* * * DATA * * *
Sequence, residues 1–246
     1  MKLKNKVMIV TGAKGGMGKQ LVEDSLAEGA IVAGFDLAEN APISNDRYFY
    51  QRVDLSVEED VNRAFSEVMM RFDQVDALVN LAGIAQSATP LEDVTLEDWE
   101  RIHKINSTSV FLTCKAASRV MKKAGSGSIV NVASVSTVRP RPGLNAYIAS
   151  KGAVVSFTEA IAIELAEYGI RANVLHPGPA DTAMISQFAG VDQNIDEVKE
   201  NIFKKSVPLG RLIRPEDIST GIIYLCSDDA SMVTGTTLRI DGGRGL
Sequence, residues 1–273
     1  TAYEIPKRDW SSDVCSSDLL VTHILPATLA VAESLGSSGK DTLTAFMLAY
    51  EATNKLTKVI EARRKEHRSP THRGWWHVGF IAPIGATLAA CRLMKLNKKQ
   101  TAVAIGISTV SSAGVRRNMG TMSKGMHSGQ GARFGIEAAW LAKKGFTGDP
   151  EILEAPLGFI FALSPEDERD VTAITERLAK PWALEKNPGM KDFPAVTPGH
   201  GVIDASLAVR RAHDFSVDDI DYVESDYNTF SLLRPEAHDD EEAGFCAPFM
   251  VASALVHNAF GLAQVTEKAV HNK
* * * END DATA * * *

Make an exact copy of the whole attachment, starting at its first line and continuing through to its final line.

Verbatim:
Sequence, residues 1–246
     1  MKLKNKVMIV TGAKGGMGKQ LVEDSLAEGA IVAGFDLAEN APISNDRYFY
    51  QRVDLSVEED VNRAFSEVMM RFDQVDALVN LAGIAQSATP LEDVTLEDWE
   101  RIHKINSTSV FLTCKAASRV MKKAGSGSIV NVASVSTVRP RPGLNAYIAS
   151  KGAVVSFTEA IAIELAEYGI RANVLHPGPA DTAMISQFAG VDQNIDEVKE
   201  NIFKKSVPLG RLIRPEDIST GIIYLCSDDA SMVTGTTLRI DGGRGL
Sequence, residues 1–273
     1  TAYEIPKRDW SSDVCSSDLL VTHILPATLA VAESLGSSGK DTLTAFMLAY
    51  EATNKLTKVI EARRKEHRSP THRGWWHVGF IAPIGATLAA CRLMKLNKKQ
   101  TAVAIGISTV SSAGVRRNMG TMSKGMHSGQ GARFGIEAAW LAKKGFTGDP
   151  EILEAPLGFI FALSPEDERD VTAITERLAK PWALEKNPGM KDFPAVTPGH
   201  GVIDASLAVR RAHDFSVDDI DYVESDYNTF SLLRPEAHDD EEAGFCAPFM
   251  VASALVHNAF GLAQVTEKAV HNK